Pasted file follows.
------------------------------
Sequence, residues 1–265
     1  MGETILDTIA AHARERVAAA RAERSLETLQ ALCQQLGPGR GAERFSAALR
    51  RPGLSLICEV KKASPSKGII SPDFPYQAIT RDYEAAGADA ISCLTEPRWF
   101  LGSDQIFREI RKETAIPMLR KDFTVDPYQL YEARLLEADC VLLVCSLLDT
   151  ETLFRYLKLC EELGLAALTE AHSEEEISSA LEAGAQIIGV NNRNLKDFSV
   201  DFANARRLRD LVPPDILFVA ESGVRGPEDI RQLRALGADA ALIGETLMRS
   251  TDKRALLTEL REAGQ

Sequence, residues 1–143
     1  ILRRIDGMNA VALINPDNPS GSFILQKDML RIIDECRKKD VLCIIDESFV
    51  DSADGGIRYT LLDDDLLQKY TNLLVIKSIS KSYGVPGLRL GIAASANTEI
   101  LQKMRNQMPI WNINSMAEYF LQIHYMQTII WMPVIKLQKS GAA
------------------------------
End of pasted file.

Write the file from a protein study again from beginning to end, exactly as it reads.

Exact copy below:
Sequence, residues 1–265
     1  MGETILDTIA AHARERVAAA RAERSLETLQ ALCQQLGPGR GAERFSAALR
    51  RPGLSLICEV KKASPSKGII SPDFPYQAIT RDYEAAGADA ISCLTEPRWF
   101  LGSDQIFREI RKETAIPMLR KDFTVDPYQL YEARLLEADC VLLVCSLLDT
   151  ETLFRYLKLC EELGLAALTE AHSEEEISSA LEAGAQIIGV NNRNLKDFSV
   201  DFANARRLRD LVPPDILFVA ESGVRGPEDI RQLRALGADA ALIGETLMRS
   251  TDKRALLTEL REAGQ

Sequence, residues 1–143
     1  ILRRIDGMNA VALINPDNPS GSFILQKDML RIIDECRKKD VLCIIDESFV
    51  DSADGGIRYT LLDDDLLQKY TNLLVIKSIS KSYGVPGLRL GIAASANTEI
   101  LQKMRNQMPI WNINSMAEYF LQIHYMQTII WMPVIKLQKS GAA